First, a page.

M Courtney
August 28, 2022 12:02 pm

If something can’t happen, it won’t happen. This is known by the CCC and everyone else.
So the UK’s energy policy is not about energy security or about green policies. Neither of those objectives are planned for (not realistically, at least).

So what is the objective?

Taking the money. Anything with Gummer and the Tories behind it is about taking the money.
They’re out to rob us, again.

Phillip Bratby
Reply to  M Courtney
August 28, 2022 12:27 pm

Isn’t the objective that of the WEF and Agenda 21/30? You will own nothing (except for the elite) and you will be happy.

AndyHce
Reply to  Phillip Bratby
August 28, 2022 2:27 pm

The owning nothing part can at least be imagined to some extent. The second part defies my computing ability.

Serge Wright
Reply to  AndyHce
August 28, 2022 3:22 pm

The second part is a directive “You WILL be happy”, or else ….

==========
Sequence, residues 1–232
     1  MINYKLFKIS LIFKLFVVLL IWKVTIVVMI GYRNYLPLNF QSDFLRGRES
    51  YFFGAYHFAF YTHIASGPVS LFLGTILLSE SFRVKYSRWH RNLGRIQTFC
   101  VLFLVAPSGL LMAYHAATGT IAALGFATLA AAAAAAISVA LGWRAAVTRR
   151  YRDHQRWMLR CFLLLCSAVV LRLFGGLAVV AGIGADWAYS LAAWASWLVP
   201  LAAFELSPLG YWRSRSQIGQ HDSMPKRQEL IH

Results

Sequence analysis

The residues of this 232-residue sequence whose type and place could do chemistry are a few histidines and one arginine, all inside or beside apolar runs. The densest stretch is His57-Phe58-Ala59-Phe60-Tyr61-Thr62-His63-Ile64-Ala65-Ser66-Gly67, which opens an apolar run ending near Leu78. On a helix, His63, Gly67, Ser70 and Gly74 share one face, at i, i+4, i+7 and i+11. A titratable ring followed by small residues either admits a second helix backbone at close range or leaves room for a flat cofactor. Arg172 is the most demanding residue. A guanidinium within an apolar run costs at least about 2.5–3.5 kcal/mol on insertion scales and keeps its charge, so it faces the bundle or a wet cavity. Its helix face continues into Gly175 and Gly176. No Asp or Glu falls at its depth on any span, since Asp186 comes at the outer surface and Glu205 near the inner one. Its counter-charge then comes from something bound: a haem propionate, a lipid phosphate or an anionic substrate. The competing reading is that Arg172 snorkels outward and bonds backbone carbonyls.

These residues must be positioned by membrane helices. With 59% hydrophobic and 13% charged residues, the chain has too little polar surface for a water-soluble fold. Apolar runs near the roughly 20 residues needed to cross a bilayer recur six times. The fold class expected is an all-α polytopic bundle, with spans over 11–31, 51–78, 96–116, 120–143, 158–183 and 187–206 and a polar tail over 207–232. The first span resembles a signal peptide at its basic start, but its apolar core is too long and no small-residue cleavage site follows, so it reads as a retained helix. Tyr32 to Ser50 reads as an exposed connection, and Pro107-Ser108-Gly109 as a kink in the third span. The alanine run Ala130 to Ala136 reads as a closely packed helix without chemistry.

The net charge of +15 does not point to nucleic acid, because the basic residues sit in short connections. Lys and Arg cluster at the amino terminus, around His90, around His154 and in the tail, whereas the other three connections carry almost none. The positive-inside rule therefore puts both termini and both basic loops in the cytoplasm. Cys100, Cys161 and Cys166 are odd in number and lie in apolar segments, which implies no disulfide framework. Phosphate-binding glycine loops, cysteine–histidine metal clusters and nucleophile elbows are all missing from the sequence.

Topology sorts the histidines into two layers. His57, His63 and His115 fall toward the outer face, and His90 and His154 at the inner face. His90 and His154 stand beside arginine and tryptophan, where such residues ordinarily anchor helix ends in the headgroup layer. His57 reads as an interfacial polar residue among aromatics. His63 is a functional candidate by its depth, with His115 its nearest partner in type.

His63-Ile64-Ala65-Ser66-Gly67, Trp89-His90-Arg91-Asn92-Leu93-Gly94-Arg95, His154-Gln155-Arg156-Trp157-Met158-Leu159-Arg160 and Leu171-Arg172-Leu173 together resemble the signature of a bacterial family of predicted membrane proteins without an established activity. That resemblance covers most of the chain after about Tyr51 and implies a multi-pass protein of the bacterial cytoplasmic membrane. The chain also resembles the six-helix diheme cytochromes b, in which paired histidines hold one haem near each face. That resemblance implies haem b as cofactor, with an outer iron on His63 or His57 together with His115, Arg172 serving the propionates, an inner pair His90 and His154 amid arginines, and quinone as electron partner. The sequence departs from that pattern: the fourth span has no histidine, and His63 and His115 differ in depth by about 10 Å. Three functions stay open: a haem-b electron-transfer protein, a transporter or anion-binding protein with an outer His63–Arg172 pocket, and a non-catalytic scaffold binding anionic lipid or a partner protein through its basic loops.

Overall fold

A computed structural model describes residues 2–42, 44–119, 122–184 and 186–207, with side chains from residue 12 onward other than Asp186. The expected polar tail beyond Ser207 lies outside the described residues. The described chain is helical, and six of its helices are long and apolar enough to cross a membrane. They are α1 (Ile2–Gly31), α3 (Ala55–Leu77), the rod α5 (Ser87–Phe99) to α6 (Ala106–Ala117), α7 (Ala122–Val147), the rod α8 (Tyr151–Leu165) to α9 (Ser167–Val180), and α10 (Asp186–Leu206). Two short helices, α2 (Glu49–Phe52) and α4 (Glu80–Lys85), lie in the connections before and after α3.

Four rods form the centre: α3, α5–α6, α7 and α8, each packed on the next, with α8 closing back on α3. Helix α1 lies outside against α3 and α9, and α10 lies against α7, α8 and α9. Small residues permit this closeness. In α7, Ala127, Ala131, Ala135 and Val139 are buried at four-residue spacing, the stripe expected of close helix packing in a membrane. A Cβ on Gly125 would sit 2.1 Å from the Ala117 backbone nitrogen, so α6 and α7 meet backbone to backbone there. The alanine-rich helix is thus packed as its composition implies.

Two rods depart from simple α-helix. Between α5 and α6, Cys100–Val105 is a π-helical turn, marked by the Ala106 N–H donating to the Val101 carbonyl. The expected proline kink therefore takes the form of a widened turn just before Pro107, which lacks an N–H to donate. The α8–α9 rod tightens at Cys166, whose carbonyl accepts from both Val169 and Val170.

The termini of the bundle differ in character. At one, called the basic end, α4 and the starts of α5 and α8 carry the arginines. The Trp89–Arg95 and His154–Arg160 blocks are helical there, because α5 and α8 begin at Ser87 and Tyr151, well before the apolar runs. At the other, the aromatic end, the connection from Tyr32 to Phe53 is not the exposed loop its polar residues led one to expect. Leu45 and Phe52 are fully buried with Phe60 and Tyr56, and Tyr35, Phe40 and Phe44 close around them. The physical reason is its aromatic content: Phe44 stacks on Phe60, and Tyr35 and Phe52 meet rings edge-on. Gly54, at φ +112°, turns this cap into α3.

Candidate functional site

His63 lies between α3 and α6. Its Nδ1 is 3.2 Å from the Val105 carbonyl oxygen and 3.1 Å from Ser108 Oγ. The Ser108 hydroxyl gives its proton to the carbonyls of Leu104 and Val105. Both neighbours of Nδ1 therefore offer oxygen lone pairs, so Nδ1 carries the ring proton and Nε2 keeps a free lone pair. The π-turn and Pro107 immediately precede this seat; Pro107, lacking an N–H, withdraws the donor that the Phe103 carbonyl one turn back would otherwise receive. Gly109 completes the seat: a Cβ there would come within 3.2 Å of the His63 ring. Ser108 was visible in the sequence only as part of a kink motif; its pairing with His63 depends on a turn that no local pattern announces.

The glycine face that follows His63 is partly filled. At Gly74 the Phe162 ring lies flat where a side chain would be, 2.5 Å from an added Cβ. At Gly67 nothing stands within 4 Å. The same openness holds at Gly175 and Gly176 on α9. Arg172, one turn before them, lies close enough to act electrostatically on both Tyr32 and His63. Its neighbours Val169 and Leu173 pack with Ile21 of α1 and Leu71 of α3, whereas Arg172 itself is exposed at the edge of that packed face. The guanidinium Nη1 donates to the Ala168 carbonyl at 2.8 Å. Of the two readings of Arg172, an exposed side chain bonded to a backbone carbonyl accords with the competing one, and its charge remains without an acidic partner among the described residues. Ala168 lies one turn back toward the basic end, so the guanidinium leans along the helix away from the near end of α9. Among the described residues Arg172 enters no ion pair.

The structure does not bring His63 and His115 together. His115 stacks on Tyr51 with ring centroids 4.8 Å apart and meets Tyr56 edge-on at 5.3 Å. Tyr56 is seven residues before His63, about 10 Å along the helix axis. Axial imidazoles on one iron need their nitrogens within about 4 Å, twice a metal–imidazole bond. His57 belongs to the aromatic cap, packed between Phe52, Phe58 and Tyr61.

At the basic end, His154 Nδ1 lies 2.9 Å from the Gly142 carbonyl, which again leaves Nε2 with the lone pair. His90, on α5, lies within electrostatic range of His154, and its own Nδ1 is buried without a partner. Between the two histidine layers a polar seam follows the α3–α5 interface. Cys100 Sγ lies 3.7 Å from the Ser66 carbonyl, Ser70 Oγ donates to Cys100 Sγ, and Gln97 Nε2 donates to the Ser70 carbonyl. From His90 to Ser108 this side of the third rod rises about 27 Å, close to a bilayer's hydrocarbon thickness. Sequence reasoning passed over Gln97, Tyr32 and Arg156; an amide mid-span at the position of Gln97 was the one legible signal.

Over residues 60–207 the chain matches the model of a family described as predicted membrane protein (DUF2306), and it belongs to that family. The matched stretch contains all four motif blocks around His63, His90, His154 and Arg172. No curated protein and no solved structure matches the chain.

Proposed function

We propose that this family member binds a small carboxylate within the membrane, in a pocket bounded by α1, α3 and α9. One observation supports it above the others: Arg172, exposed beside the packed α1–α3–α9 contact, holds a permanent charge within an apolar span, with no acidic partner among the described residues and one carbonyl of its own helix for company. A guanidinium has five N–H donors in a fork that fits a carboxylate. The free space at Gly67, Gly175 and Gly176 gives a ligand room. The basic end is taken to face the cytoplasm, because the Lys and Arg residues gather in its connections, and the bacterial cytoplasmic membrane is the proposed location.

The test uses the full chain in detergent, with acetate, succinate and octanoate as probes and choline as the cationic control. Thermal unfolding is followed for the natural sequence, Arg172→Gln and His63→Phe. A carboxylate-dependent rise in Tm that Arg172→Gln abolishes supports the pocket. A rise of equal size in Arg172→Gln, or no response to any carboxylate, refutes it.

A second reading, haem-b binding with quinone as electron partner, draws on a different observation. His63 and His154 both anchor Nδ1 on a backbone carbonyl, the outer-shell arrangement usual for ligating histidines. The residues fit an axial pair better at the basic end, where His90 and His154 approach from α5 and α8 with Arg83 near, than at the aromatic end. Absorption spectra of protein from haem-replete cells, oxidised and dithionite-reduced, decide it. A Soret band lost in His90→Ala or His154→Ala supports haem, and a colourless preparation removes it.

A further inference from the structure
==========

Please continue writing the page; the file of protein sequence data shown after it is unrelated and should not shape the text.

H.R.
Reply to  Serge Wright
August 28, 2022 6:26 pm

If you refuse to be happy, there is a fix for that, and the fix is permanent and won’t make you happy, either.

TonyG
Reply to  AndyHce
August 29, 2022 9:01 am

For the second part, think “You will LOVE Big Brother” and you’ll understand.

StephenP
Reply to  Phillip Bratby
August 29, 2022 2:52 am

Could some enterprising reporter find out the basic details of Klaus Schwab’s life?

How many houses does he have
How they are heated and lit
Does he use heat pumps
How many cars does he own
What is the fuel consumption of these cars
Does he use private jets
Do he and his buddies really need to have the jamboree at Davos each year? Couldn’t they use Zoom instead.
Think of the saving in carbon emissions.
(Then we could all look in and see what they are planning for us plebs.)
Does he use Is his diet vegan
etc. etc.

He really should set a leading example by living the lifestyle he and the WEF are planning for us.
It all sounds like the three rules of a monastic lifestyle – poverty, chastity and obedience. (But I have doubts about people accepting #2)

Last edited 1 month ago by StephenP
Redge
Reply to  M Courtney
August 29, 2022 12:25 am

Anything with Gummer and the Tories behind it is about taking the money.

or pretty much any politician

Philip Mulholland